At the end of the day, we all said our class goodbyes, but we still had “Show & Tell” that night. We were able to display our work, along with other students from different classes, along several tables. Each class had a spokesperson talking about the instructor and the class experience as a whole.
Everyone had a positive experience, and the work I saw just made me want to take every class available, not only for the fun, but so I can expand on my jewelry making skills.
I thuroughly enjoyed my experience at Wildacres, and I hope to continue to attend classes there and other jewelry workshops.
This was the last day of the workshop. It was basically filled with packing, breakfast, checkout, and final goodbyes. My friends and I packed up and began our journey home. Along the way, we stopped and several little shops and a mineral museum along the Blue Ridge Parkway. While at the museum, I saw these copper nuggets, and I saw that there were holes perfect for stringing chain or wire through. With all the inspiration I’ve received from this trip, I’ve decided to incorporate them in a new piece I will dedicate to my first trip to Wildacres.
It is good to be home.
Today was supposed to be a half for students, but many in my class opted to continue working, me included. Well, let’s face it, I needed all the time in that class I could get. I am happy to say I was able to salvage my first precious opal with the help of my instructor, Sarah. In fact, all of my opals have been saved with her help.
I also finished by doublet and triplet. The triplet came out pretty decent with a nice dome finish and some good red flashes, but the doublet was another story entirely. It had several rough spots that gave me trouble. I was finally able to grind them down, but there wasn’t much color to the opal other than some soupy green.
With the almost finishing of my precious opal (I may need to bevel the back still, I can’t remember.), I was finished with the opals from my student kit. So, what to do. Well, I decided I would buy some rough, because unlike most of my class, I did not bring any opal rough from home. Then again, I didn’t have any opal rough to bring with me.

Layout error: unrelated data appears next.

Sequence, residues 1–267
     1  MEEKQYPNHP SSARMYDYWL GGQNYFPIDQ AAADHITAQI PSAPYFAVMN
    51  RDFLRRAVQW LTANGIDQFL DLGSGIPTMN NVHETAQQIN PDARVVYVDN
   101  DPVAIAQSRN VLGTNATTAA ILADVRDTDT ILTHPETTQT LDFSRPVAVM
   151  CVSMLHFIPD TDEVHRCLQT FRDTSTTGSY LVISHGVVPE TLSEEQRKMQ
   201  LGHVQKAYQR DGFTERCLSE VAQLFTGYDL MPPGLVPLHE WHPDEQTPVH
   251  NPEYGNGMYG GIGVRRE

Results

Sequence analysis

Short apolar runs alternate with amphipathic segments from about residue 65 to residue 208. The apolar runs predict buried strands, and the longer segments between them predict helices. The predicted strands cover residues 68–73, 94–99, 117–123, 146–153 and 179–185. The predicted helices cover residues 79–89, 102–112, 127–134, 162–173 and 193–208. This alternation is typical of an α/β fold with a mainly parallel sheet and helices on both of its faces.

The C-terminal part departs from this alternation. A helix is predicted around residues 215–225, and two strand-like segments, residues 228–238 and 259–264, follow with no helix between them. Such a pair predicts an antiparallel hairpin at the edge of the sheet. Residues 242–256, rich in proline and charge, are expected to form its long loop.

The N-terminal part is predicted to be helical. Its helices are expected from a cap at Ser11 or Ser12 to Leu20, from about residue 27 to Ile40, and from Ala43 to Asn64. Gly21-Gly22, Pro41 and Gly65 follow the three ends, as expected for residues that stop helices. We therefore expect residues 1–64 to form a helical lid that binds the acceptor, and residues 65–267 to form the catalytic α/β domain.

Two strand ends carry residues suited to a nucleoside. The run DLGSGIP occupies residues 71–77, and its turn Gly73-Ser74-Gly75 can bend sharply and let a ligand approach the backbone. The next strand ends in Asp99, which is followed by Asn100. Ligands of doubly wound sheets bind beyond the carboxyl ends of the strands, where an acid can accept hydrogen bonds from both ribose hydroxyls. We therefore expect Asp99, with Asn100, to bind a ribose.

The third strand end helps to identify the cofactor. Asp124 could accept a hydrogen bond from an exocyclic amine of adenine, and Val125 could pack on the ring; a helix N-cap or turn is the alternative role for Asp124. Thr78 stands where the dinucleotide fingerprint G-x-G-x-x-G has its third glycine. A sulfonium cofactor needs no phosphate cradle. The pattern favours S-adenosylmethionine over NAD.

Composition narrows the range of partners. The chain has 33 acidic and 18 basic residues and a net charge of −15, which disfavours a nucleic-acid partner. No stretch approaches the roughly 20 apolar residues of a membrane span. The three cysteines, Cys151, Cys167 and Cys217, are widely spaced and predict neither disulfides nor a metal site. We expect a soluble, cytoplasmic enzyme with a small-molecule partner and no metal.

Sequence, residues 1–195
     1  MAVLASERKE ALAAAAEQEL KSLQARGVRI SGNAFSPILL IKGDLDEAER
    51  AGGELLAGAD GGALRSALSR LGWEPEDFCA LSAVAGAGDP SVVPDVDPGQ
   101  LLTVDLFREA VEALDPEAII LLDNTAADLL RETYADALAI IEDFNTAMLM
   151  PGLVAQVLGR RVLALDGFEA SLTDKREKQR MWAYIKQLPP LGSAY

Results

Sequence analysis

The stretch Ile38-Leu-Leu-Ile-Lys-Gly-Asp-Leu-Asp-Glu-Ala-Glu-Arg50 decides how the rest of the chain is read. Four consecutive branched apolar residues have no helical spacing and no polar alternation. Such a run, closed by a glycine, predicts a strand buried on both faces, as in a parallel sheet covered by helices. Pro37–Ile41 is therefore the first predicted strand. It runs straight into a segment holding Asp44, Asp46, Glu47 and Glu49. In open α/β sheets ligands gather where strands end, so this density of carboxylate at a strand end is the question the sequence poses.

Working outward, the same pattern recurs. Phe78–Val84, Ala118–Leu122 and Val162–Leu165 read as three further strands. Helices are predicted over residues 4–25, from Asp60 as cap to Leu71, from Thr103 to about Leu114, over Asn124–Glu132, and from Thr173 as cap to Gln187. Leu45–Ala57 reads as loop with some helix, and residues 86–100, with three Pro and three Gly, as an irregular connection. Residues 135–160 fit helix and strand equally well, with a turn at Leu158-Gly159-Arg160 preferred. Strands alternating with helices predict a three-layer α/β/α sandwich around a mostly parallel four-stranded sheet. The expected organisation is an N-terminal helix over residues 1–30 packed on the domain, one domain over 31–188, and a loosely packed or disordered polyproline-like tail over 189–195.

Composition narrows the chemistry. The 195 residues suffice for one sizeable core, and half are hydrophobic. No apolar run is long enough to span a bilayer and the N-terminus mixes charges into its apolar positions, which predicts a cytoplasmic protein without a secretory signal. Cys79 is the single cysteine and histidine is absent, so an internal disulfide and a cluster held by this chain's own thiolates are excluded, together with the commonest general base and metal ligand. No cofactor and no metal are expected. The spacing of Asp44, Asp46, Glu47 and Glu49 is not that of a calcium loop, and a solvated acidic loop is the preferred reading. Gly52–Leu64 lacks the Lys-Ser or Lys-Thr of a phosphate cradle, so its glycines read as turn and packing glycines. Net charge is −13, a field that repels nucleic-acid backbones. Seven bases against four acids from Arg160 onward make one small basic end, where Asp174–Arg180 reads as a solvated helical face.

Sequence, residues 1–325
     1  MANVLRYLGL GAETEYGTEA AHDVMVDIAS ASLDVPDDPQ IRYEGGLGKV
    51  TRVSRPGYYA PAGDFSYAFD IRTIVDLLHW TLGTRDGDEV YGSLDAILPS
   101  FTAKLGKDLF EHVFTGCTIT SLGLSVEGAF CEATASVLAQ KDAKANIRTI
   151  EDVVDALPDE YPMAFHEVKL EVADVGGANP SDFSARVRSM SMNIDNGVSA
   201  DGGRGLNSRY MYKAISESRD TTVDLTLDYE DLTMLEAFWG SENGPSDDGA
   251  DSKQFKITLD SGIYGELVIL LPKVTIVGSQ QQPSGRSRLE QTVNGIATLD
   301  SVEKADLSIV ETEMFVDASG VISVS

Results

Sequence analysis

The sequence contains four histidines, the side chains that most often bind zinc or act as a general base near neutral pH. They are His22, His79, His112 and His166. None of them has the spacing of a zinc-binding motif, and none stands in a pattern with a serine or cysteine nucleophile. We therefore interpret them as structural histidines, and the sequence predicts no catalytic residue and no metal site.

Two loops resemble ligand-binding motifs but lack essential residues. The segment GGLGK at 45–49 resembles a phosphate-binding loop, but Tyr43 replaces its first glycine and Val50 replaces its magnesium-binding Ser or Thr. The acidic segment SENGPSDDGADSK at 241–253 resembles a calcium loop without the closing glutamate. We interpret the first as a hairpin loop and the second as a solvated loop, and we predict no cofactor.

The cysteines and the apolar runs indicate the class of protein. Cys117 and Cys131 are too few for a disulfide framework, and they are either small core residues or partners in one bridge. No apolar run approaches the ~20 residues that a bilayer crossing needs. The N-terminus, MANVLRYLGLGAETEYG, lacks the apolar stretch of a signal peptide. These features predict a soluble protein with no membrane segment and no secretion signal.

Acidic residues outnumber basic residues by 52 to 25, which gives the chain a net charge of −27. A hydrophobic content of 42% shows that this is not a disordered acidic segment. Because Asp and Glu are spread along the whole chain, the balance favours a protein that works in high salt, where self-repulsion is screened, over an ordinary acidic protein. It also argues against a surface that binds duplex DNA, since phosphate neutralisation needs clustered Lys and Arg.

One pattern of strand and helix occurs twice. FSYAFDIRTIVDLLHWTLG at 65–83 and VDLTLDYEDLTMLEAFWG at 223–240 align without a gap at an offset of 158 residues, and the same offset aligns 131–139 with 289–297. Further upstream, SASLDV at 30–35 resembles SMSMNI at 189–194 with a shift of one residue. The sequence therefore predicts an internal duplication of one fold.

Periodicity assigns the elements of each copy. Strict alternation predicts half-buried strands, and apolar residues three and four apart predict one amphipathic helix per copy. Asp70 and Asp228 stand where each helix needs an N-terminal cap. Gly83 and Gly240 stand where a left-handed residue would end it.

I began looking through several pieces of nice dark, Pink Peruvian Opal with dendritic patterns and some beautiful pieces of green Peruvian Opal. I also looked through some crystal Mexican Opal. I found several pieces from each that I liked, but other than the Green Peruvian, I haven’t quite decided which ones I want to try cutting. I also began looking through a jar of Precious Opal (opal with flashes of color). That’s when Sarah was kind enough to give me another piece of the Precious Opal to try again since my first one didn’t come out so great. She helped me through each step, and what came out was a very nice oval cab with some nice flashes of color.
At the end of this day, I was very pleased with my work, and yet, I still felt as if I had let myself down somehow by not completing an opal by myself. I know I shouldn’t feel down about not knowing how to properly cab a stone when I’ve never done so in my life, but a learning process is a learning process. And, needing to learn how to make mistakes is just as important as trying not to. So, I shall be back in class tomorrow, bright and early to try to cut an opal on my own.